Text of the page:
I have been surprised when I read this article: James Gosling (Sun) : « Java sur le poste client n’est pas à la hauteur aujourd’hui ». It is in French, so I translate the title here:

James Gosling (Sun) : « Java is not ready today for the desktop »

Strange, isn’t it ? The “father of Java” who, 15 years after, makes such a big statement!Well, the reality is different, as we all know.
Eclipse is there and it is there since sometime now. Eclipse is no more only an “open development platform”, but has become ‘a platform for building and deploying rich client applications”: it is called Eclipse RCP. Many people are developing rich Java applications for the desktop (and for the mobile market also) based on Eclipse RCP:

And, not least, IBM is building the new generation of its products based on Eclipse RCP!

The Universal Managed Client for SOA, called Lotus Expeditor. A platform for building enterprise applications and enterprise mashups that bring the power of SOA towards the desktop and devices

The new Lotus Notes 8 client, which brings the possibility of building Composite Applications centered around the collaboration tools

Lotus Sametime, which provides a new frontier for Unified Collaboration and Communication

Sun may not be ready. But the world is not waiting in order to make Java evolving! And Java is bigger than a trade symbol.

Mashups, web2.0 and the SOA cake

I read a commentary around the recent Gartner 10 Strategic technologies to watch in 2008.
In this commentary, Evan Data Corp. Joe McKendrick and Software AG Miko Matsumura say, very high, that even in SOA is not explicitely spelled in the recent Gartner’s report, SOA itself is the basis for what we are building today and in the future. There are some interesting quotes from the commentary that I wanted to highlight here, as they have really a lot to do with what we do everyday.

  • The consumption patterns of Web 2.0 and Enterprise 2.0 are made possible by SOA in this view.
    “The architecture has no value until it’s expressed in consumptions patterns. …The underlying service is just a generic-kind of service, but it comes to life when you put an Ajax interface in front or some kind of cool mashup in front of it. Once you’ve got a platform of business services, you can make mashups or Web 2.0 or a ton of really cool things.
  • “Turning to another goodies metaphor, …SOA is invisible in the same way the recipe for a cake is invisible. Even the most proud baker wouldn’t stop people from eating his cake while he read them the recipe. The consumers of cake or Web 2.0 applications want to enjoy them not hear a dissertation on how they were made, he said.
  • The status of SOA today is similar to where e-commerce was in the late 1990s. At that time everybody was building e-commerce applications using e-commerce tools. “Now, we’re doing the same thing with SOA. We’re saying this is an SOA project or this is an SOA tool. Today, you still use content management and application servers and Java as a language and Web interfaces, but you no longer call it e-commerce because now it’s just apps. It’s just how we do it. We don’t really think of it as e-commerce any more, it’s just the typical pattern for applications these days. I think exactly the same thing will happen with SOA.”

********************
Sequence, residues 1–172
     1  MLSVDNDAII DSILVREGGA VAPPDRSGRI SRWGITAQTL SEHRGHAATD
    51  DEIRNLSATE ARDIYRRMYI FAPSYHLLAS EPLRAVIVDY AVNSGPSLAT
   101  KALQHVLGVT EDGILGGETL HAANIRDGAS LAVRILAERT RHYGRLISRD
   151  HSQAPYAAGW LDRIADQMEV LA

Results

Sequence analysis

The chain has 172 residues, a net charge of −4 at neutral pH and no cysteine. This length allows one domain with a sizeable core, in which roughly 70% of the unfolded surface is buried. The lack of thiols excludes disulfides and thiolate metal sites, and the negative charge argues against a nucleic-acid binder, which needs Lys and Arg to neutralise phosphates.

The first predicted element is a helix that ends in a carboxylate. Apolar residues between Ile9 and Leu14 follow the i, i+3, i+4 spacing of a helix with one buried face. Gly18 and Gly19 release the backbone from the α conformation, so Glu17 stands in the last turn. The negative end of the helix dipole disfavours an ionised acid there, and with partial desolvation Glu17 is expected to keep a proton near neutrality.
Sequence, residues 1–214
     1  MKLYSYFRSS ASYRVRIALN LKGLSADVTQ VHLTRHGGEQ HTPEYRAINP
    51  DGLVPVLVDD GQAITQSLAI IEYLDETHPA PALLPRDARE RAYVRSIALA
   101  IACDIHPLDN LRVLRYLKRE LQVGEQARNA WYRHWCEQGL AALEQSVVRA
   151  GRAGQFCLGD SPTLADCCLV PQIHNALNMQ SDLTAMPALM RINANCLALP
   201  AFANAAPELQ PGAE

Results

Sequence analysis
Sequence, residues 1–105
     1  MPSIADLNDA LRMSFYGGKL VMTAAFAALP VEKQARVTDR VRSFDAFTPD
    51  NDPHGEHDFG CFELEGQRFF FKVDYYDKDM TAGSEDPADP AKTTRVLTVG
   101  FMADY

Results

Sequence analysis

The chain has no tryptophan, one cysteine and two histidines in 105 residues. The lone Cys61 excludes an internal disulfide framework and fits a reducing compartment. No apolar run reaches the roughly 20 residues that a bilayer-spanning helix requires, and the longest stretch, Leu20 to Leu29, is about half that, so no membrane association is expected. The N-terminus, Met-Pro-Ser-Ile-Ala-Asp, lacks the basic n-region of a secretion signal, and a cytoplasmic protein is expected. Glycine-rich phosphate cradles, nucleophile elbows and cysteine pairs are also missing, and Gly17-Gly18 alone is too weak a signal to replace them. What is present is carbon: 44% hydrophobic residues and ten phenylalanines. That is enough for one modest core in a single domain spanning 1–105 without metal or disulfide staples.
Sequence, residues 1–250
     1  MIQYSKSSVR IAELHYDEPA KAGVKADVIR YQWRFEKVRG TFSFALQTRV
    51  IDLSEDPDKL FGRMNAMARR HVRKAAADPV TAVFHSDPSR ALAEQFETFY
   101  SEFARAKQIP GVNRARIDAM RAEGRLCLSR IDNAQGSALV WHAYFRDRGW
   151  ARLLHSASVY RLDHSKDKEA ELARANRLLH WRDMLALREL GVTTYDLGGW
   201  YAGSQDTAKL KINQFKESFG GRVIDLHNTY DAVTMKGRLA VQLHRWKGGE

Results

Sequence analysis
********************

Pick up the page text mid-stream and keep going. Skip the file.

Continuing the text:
• “When you say SOA no longer matters, it’s everything that SOA enables that matters, I totally think that’s right because SOA is a way to achieve certain things from an architecture and an alignment and agility point of view,”

I like all these quotes, because they really make the point!

Going back to what Gartner asserts, I obviously like the presence of the following 3 items in the top-ten list:

  1. Business Process Modelling
  2. Mashups and Composite Applications
  3. Web Platform and WOA

My readers know how much I consider “Business Process Modelling”, at the point that I did not hesitate to say that it is the glorification of any SOA, the way in which Services could become useful from a Business Point of view. I am not sure, though, that BPM will emerge (finally!!!). Not because it should not deserver a shining place, but because of the power implications it brings into a company’s organization (who owns the process owns the power….).

In this context, though, the emergence of the Mashups and Composite Applications, may slightly change the picture. “They allow you to rapidly tailor the functionality you want in one place, without having to re-create the original”  is the quote from Gartner. I still think what I wrote last year in “Composite Applications, Mashups and Portals: relay race or team spirit?” . Through Mashups and Composite Applications, the user will become an actor in the SOA. SOA will not stop anymore at the beginning of the HTTP pipe on the server…. it will continue, it will encompass the desktop.

The user will be allowed to integrate what the “portal” gives him with tools and content coming from elsewhere. The “portal” will provide the official company process and the mashup will provide the creativity, the differentiator by which a user would tailor the standard process and add his own touch !